Posts tagged with ‘haiti’

Mapping Zombie Survival
Little did I know that we’ve actually posted about zombies a number of times. Even littler did I realize that I’m the one doing it.
Anyway, it’s Halloween, and while we’re distracted by our city’s recovery from a rather large storm, it wouldn’t be a proper Halloween without a proper zombie post.
So, let’s start: MapOfTheDead, pictured above for your mapping pleasure… and an upcoming mobile game.
But more importantly, via Amy Wilentz in the New York Times, is an understanding of where zombies are from:

Most people think of [zombies] as the walking dead, a being without a soul or someone with no free will. This is true. But the zombie is not an alien enemy who’s been CGI-ed by Hollywood. He is a New World phenomenon that arose from the mixture of old African religious beliefs and the pain of slavery, especially the notoriously merciless and coldblooded slavery of French-run, pre-independence Haiti. In Africa, a dying person’s soul might be stolen and stoppered up in a ritual bottle for later use. But the full-blown zombie was a very logical offspring of New World slavery.
For the slave under French rule in Haiti — then Saint-Domingue — in the 17th and 18th centuries, life was brutal: hunger, extreme overwork and cruel discipline were the rule. Slaves often could not consume enough calories to allow for normal rates of reproduction; what children they did have might easily starve. That was not of great concern to the plantation masters, who felt that children were a waste of resources, since they weren’t able to work properly until they reached 10 or so. More manpower could always be imported from the Middle Passage.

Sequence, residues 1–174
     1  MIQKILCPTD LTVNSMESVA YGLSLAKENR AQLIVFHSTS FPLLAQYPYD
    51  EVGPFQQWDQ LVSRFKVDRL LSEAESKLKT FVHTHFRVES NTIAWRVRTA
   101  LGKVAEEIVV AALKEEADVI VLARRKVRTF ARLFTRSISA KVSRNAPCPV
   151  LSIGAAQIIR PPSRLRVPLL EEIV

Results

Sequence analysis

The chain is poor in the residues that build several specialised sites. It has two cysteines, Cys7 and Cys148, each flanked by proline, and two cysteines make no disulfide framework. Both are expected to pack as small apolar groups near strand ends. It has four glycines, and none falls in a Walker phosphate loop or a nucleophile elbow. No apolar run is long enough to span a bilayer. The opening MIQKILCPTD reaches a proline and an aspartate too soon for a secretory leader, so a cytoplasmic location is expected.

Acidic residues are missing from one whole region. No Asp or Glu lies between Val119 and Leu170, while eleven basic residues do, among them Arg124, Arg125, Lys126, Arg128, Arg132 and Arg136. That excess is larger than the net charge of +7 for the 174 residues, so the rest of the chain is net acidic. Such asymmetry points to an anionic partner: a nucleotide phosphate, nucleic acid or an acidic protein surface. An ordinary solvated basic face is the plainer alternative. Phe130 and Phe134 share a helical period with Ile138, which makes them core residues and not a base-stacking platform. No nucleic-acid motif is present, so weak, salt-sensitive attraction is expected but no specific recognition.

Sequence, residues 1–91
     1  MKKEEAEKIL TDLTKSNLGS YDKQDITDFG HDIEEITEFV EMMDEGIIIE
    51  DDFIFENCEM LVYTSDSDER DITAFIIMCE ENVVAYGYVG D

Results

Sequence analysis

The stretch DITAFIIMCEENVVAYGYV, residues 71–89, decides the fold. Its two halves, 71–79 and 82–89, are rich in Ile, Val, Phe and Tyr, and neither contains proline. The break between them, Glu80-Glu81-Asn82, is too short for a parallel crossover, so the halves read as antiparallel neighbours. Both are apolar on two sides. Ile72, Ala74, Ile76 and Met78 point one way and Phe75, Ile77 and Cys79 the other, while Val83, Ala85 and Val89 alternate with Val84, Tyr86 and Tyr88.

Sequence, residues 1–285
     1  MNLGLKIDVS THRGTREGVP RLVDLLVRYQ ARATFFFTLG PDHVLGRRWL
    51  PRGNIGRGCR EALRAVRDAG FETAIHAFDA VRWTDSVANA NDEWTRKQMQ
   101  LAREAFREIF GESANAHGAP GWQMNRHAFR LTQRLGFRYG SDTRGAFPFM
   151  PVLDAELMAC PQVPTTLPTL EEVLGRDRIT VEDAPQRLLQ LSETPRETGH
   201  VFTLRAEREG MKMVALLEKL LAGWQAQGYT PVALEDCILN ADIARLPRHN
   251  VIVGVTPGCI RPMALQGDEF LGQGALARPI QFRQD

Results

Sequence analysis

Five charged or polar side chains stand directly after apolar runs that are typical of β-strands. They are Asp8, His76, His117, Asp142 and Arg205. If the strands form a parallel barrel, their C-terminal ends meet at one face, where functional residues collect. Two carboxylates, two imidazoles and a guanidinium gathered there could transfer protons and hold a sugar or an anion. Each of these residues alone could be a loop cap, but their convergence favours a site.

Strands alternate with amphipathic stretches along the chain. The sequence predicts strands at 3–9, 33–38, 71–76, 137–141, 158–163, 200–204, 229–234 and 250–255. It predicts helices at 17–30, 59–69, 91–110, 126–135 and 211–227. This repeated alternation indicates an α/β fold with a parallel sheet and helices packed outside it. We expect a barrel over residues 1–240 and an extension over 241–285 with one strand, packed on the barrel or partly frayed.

The only escape from the sugar plantations was death, which was seen as a return to Africa, or lan guinée (literally Guinea, or West Africa). This is the phrase in Haitian Creole that even now means heaven. The plantation meant a life in servitude; lan guinée meant freedom. Death was feared but also wished for. Not surprisingly, suicide was a frequent recourse of the slaves, who were handy with poisons and powders. The plantation masters thought of suicide as the worst kind of thievery, since it deprived the master not only of a slave’s service, but also of his or her person, which was, after all, the master’s property. Suicide was the slave’s only way to take control over his or her own body.